IMUA Vice President Shares Inland Marine Market Trends, Climate Change Impacts, and Tech Innovations Ahead of Annual Meeting

Apr 10, 2024 / by AAIS

AAIS spoke with Lillian Colson, Vice President and Secretary of Inland Marine Underwriters Association (IMUA), the national association for the commercial inland marine insurance industry in the U.S. Colson discussed trends shaping today’s inland marine market, effects of climate change on inland marine, the use of data and technology tools, and what’s new at IMUA, including its upcoming Annual Meeting.

Current and Emerging Inland Marine Market Trends

“The state of the inland marine insurance market is resilient, robust, and profitable,” according to Colson. “The industry demonstrated remarkable resilience rebounding from the COVID-19 pandemic and recent booms in building and transportation logistics have helped to drive growth.” In addition to collecting more written premium, which increased 14.3% in the U.S. inland marine insurance sector according to AM Best, Colson explained that the market space is enjoying an improving loss ratio, which fell from 63.8% in 2020 to 46.6% in 2022. “So, this translates into increased profitability and a combined ratio that is typically 10 points lower than the overall property and casualty market,” she stated. “And while inland marine insurance is a small portion of the P&C market, it's maintaining strength and profitability.”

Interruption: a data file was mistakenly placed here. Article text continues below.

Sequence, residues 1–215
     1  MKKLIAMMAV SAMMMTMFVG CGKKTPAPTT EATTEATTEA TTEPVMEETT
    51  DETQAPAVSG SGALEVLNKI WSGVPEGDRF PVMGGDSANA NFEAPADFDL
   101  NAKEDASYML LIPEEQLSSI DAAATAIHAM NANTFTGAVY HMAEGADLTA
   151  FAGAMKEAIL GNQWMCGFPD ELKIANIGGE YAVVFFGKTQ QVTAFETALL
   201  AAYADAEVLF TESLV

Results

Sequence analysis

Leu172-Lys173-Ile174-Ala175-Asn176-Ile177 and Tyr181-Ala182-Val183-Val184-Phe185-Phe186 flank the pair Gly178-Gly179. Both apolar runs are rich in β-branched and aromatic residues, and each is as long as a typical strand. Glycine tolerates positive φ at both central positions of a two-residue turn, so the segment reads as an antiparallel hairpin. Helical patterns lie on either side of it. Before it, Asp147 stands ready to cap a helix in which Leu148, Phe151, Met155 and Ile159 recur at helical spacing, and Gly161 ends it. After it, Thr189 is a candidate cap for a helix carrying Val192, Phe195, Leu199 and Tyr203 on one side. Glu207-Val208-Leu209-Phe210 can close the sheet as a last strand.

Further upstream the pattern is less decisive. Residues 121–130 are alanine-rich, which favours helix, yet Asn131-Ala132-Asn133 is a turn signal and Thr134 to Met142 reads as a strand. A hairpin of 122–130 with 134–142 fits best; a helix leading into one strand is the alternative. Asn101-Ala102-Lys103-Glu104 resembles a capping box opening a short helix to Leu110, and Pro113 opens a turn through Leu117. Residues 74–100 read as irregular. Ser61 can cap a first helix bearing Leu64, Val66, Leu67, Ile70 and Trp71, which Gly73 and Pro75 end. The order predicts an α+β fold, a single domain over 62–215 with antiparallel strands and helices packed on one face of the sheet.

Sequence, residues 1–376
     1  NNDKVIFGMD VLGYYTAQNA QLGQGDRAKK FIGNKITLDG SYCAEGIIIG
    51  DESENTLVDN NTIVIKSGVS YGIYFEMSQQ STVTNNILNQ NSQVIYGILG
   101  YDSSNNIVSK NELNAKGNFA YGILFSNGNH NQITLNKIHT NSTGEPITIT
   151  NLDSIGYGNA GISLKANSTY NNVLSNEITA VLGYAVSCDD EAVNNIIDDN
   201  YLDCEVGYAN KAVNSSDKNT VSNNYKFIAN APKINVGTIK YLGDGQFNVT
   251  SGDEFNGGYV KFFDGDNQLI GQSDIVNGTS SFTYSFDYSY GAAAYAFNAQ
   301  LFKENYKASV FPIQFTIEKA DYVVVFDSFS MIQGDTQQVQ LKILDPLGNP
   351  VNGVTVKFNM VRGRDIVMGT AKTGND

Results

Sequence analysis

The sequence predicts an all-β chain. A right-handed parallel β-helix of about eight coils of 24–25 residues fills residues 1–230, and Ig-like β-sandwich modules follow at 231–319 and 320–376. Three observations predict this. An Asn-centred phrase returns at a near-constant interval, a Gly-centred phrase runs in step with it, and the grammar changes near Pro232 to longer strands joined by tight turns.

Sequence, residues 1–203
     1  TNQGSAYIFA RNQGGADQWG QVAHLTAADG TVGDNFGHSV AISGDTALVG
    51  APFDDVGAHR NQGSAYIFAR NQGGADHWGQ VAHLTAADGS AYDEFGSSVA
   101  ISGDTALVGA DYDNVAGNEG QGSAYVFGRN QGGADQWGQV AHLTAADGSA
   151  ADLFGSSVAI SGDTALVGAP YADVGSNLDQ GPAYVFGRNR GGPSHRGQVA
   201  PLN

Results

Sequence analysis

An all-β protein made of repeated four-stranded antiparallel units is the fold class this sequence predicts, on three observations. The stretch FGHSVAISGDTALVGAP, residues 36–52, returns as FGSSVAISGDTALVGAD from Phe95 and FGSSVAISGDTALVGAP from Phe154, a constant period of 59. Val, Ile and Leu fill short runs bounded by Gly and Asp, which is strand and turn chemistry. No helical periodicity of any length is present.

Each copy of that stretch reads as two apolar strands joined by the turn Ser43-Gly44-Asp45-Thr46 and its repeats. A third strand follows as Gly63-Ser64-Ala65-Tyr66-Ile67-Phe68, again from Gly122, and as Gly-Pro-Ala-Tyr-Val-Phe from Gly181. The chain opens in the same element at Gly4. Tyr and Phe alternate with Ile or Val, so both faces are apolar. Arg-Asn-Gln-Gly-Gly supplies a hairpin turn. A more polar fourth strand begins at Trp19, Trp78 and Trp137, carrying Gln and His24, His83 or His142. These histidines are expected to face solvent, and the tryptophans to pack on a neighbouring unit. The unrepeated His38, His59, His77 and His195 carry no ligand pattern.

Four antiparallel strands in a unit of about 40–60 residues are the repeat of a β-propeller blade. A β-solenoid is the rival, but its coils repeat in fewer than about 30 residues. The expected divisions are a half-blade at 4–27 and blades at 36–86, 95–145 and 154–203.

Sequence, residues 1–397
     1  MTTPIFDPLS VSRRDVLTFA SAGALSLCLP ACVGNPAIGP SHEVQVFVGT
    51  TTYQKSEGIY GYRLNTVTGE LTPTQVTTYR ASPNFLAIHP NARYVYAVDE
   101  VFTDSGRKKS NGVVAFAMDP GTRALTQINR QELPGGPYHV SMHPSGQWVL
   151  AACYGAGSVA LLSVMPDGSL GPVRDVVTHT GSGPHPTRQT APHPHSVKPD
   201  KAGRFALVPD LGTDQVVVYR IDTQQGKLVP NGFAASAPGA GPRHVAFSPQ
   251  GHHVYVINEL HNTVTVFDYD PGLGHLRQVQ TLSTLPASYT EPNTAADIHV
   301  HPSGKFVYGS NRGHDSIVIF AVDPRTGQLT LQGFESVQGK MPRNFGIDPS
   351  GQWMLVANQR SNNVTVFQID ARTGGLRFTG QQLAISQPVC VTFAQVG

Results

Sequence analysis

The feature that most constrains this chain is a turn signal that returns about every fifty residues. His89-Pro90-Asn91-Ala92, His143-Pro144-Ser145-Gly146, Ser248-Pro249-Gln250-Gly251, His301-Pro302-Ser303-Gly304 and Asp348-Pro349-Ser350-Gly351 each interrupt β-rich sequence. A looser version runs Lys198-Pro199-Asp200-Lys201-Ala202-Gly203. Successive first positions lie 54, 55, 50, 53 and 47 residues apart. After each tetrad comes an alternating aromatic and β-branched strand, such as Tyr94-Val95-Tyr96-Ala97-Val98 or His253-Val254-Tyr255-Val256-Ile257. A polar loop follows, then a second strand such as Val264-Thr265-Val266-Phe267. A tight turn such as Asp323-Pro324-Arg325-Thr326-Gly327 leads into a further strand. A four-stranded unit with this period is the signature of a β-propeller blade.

Colson highlighted several notable emerging trends in the inland marine insurance industry. “Inflation continues to be a hot topic and a concern shaping the industry, especially in this tense geopolitical environment, which was still rebounding from the COVID-19 pandemic,” she said. “The Russia and Ukraine war followed by the Hamas-Israel war have further complicated the inflationary environment. And as the cost of doing business climbs, it's even more important to set an accurate valuation on items being insured.” Colson believes properly doing so can alleviate some of the effects inflation has on the increased cost of claims today versus five years ago.